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 Minimizing Current Constraints for an Isolated Active DualBridge DCDC Converter
Minimizing Current Constraints for an Isolated Active DualBridge DCDC Converter
Proposed phase shift command
Figure 1a illustrates the circuit diagram of the DAB converter. In the proposed technique, a phase shift angle (D_{1}J_{s}) is between S_{1} and S_{4}. A threelevel voltage is synthesized on the primary side V_{h1} of the converter, unlike the traditional twolevel voltage adopted in the conventional SPS control technique. This threelevel voltage helps reduce the reverse reverse power to V_{1}. Another phase angle (D_{2}J_{s}) is done in the second bridge between S_{5} and S_{6}; this controls the amount of power transferred into the converter by creating an essential phase shift between the squared voltages of the two bridges. The change of D_{2} the phase shift widens the transmission power regulation range, increasing regulation flexibility. Therefore, D_{1} is the phase shift ratio between the drive gate signals S_{1} and S_{4} in the primary bridge and (0the {D}_{1}the 1)while D_{2} is the ratio between the drive gate signals S_{5} and S_{6} in the secondary bridge and (0the {D}_{2}the 1).
Modes of operation of the DAB converter under the proposed phase shift modulation technique
To simplify the analysis of the twoway DAB converter, the device was considered under steadystate conditions. The converter can be modeled as follows (Fig. 1b): the value of the voltage of the secondary bridge is related to that of the primary. And ({mathrm{V}}_{1}={mathrm{knV}}_{2}) and ({mathrm{V}}_{1}>{mathrm{nV}}_{2}), where k is the voltage ratio and n is the transformation ratio of the transformer. In order to simplify the performance analysis of the proposed converter, the following assumptions are made.

1.
All power devices are ideal. Onresistance and parasitic capacitances of power switches are ignored and forward voltage drops of diodes are neglected.

2.
The torque transformer leakage inductors are much smaller than the magnetizing inductors, and hence they are neglected.
As shown in Fig. 2, the converter switching cycle can be divided into 6 working modes as follows:

(1)
Mode 1 (t_{0} −t_{1})
As shown in Figure 3a, the inductor current ({mathrm{i}}_{mathrm{L}}) is in the negative direction. at t_{0}, them_{1} and S_{2} are activated in the primary bridge, and S_{5} and S_{seven} are activated in the secondary. According to the direction of the current, the current flows through S_{2} and D_{1} in the primary bridge and by S_{5} and D_{seven} in secondary school. V_{h1} and V_{h2} are zero at this time; thus the voltage across L becomes zero and a constant current flows through the inductor at ({mathrm{i}}_{mathrm{L}}={mathrm{i}}_{mathrm{L}0}).

(2)
Mode 2 (t_{1} −t_{2})
Figure 3b displays the equivalent circuit of mode 2. The current is always in the negative direction. S_{1}S_{4}S_{5}and S_{seven} are activated. According to the direction of the current, the current passes through D_{1} and D_{4} in the primary bridge and by S_{5} and D_{seven} in secondary school. V_{h1} is fixed at V_{1} while V_{h2} is always zero; hence the voltage across L is fixed at V_{1}. In this mode, the current decreases linearly and can be expressed as follows:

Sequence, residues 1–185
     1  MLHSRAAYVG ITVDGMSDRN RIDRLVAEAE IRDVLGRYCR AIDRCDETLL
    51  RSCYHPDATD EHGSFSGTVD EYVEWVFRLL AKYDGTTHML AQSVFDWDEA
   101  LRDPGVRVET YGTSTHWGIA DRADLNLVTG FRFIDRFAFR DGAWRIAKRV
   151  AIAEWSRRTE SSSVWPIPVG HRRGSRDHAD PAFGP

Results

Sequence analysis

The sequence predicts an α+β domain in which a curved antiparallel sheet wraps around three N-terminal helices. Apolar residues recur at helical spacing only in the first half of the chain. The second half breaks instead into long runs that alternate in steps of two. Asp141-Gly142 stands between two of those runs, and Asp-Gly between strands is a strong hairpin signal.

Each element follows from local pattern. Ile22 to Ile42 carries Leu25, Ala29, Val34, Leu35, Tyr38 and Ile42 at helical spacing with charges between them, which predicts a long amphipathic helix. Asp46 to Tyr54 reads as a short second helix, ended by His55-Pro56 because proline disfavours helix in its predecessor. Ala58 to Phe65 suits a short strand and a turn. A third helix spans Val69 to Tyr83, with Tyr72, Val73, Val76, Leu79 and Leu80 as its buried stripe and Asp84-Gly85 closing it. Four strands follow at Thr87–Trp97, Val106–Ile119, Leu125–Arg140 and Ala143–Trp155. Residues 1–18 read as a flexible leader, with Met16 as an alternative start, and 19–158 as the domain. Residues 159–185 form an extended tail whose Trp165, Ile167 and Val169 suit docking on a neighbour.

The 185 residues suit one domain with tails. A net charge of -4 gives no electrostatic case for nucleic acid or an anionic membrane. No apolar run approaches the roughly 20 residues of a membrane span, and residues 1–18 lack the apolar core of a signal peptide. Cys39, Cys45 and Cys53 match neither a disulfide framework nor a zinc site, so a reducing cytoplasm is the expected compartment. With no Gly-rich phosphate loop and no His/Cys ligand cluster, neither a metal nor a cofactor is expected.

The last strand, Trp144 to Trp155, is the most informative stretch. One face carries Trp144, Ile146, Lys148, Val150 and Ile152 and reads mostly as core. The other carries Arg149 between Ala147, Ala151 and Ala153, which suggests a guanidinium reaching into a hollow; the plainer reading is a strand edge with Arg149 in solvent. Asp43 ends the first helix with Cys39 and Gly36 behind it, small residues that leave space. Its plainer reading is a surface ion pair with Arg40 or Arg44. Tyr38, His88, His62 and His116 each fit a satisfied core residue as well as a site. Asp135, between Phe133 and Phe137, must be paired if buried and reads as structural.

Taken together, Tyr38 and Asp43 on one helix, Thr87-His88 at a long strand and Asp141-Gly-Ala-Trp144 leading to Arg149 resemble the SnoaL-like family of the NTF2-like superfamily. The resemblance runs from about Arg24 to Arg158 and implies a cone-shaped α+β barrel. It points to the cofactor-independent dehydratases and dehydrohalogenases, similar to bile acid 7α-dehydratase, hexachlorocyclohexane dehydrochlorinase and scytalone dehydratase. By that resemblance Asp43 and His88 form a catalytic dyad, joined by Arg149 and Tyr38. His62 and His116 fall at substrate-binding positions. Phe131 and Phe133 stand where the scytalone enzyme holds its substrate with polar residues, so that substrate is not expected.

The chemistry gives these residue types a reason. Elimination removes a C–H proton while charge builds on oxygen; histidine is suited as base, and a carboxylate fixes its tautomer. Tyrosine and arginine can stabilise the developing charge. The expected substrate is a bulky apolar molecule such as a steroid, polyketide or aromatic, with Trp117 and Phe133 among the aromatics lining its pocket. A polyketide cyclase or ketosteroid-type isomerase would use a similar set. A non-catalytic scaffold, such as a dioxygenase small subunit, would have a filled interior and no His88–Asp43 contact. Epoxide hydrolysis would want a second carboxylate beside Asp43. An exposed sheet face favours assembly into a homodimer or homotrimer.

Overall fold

$${i}_{L}left(tright)={i}_{L1}+frac{kn{V}_{2}}{L}left(t{t}_{ 1}right).$$
(1)

(3)
Mode 3 (t_{2} −t_{3})
Figure 3c shows the equivalent circuit of mode 3. The current polarity changes from negative to positive. In this mode, S_{1} and S_{4} are always on and S_{5} and S_{6} are activated. According to the direction of the current, the current flows through S_{1} and S_{4} in the primary bridge and through D_{5} and D_{6} in secondary school. V_{h1} is always at V_{1} while V_{h2} is fixed at nV_{2}. Therefore, the voltage across L is fixed at ({mathrm{V}}_{1}{mathrm{nV}}_{2}). The current in this mode increases linearly and can be expressed as:
$${i}_{L}left(tright)={i}_{L2}+frac{{V}_{1}n{V}_{2}}{L}left (t{t}_{2}right).$$
(2)

(4)
Mode 4 (t_{3} −t_{4})
Figure 3d illustrates the equivalent circuit of Mode 4. As the waveforms in Figure 2 show, Mode 4 is similar to Mode 1; ({mathrm{i}}_{mathrm{L}}) is in the positive direction. at t_{3}S_{3} and S_{4} are activated while S_{8} and S_{6} are activated. According to the direction of the current, the current flows through S_{4} and D_{3} in the primary bridge and by S_{8} and D_{6} in secondary school. Since V_{h1} and V_{h2} are zero, the voltage across L becomes zero and the current is fixed at ({mathrm{i}}_{mathrm{L}}={mathrm{i}}_{mathrm{L}3}).

(5)
Mode 5 (t_{4} −t_{5})
Figure 3e displays the equivalent circuit of mode 5. The current is always in the positive direction. S_{2} and S_{3} are activated while the switches S_{6} and S_{8} are activated. According to the direction of the current, the current passes through D_{2} and D_{3} in the primary bridge and by S_{8} and D_{6} in secondary school. V_{h1} is fixed at −V_{1} while V_{h2} is always zero; thus, the voltage across L is fixed at V_{1}. The current decreases linearly and can be expressed as follows:
$${i}_{L}left(tright)={i}_{L4}+frac{kn{V}_{2}}{L}left(t{t}_ {4}right).$$
(3)

(6)
Mode 6 (t_{5} −t_{6})
Figure 3f shows the equivalent mode 6 circuit. The current polarity changes from positive to negative. S_{2} and S_{3} are always on and the switches S_{seven} and S_{8} are activated. According to the direction of the current, the current flows through S_{2} and S_{3} in the primary bridge and through D_{seven} and D_{8} in secondary school. V_{h1} is always at −V_{1} while V_{h2} is fixed at − nV_{2}. Therefore, the voltage across L is fixed at ({mathrm{V}}_{1}+{mathrm{nV}}_{2}). The current increases linearly and can be expressed as follows:
$${i}_{L}left(tright)={i}_{L5}+frac{{V}_{1}+n{V}_{2}}{L} left(t{t}_{5}right).$$
(4)